Preparation of DNA pools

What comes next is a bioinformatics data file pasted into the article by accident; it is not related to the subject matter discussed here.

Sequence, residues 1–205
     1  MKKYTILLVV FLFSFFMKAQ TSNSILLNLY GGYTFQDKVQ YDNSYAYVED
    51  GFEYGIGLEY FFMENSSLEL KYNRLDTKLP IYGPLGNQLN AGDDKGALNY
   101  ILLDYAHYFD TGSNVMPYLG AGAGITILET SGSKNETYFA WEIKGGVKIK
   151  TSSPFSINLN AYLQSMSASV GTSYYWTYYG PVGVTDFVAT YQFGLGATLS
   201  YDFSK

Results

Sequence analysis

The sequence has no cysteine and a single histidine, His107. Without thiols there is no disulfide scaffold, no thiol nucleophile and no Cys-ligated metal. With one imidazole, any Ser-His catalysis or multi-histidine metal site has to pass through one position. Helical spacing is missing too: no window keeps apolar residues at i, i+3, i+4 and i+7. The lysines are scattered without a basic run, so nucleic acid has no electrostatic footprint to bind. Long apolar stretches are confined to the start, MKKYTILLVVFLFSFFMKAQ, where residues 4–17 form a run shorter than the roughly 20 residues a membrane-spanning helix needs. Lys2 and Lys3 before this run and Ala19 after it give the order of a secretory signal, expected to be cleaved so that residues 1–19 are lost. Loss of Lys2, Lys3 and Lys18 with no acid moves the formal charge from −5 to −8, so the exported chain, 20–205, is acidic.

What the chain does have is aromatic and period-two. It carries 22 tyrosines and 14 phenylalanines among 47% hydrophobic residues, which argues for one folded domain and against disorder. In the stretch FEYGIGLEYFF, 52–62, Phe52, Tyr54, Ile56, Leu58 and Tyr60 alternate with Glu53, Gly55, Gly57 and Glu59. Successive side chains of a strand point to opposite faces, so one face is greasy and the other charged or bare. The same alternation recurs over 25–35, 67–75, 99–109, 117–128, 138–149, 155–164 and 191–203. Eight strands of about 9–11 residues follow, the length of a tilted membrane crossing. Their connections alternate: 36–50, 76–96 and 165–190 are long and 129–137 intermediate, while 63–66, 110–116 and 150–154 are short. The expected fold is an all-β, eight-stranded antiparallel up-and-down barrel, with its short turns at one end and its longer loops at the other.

BAC library specific for wheat chromosome arm 3DS (TaaCsp3DShA; ) was used to validate the BAC pool sequencing strategy for physical map anchoring. The library comprises 36,864 clones with mean insert size 110 kbp. A physical map was build using HIFC technique  in Fingerprinted Contigs software (FPC V9.3; ) following “physical map assembly guideline” established by TriticeaeGenome project and accepted by the International Wheat Genome Sequencing Consortium (IWGSC). Briefly, each clone was fragmented using a cocktail of five restriction enzymes. Fragment ends produced by four of them were labelled by one of four different fluorescent dyes. DNA fragments were subsequently analysed using capillary electrophoresis, and physical map was built based on the number of shared fragments (with the same size and label) among clones at stringency cutoff 1e-75 to produce robust contigs. The cutoff represents significance threshold for clone overlap and it is based on a probability that two clones share particular number of fragments by chance. If two clones share enough fragments, the probability of random similarity is below the given threshold and the clones match each other and overlap within one contig. Singletons were then added to existing contigs and contigs were merged at successively increasing cutoff up to 1e-45. The complete guideline is available at http://www.wheatgenome.org/News-and-Reports/Meetings-and-Workshops/Physical-mapping-standard-protocol-workshop. Finally, the physical map consisted of 1,360 contigs built using a cutoff of 1e-45 (Cviková et al., unpublished, https://urgi.versailles.inra.fr/gb2/gbrowse/wheat_phys_3DS_v1/). At this stage, MTP was selected corresponding to 3,823 BAC clones re-ordered into ten 384-well plates. Three-dimensional pooling strategy was selected for DNA preparation in an effort to reduce sequencing costs . In total, fifty BAC pools were constructed (10 plate pools, 16 row pool, and 24 column pools) as follows. Each of ten plate pools (labelled p01 – p10) was prepared by pooling all 384 BAC clones deposited in one of the ten MTP plates. Each of sixteen row pools (labelled rA – rP) was prepared by pooling 240 BAC clones deposited in a particular row (e.g. row A) in all ten plates. Similarly, each of 24 column pools (labelled c01 – c24) was prepared by pooling 160 BAC clones deposited in a particular column (e.g. column 1) in all ten plates. BAC clones of each pool were transferred using GeneTAC G3robot (Genomic Solutions, Huntingdon, UK) onto solid 2YT medium and incubated for 16 hours at 37°C. Bacterial colonies were then washed to liquid 2YT medium and incubated for 8 hours at 250 rpm and 37°C. DNA was isolated by standard alkaline lysis with minor modifications.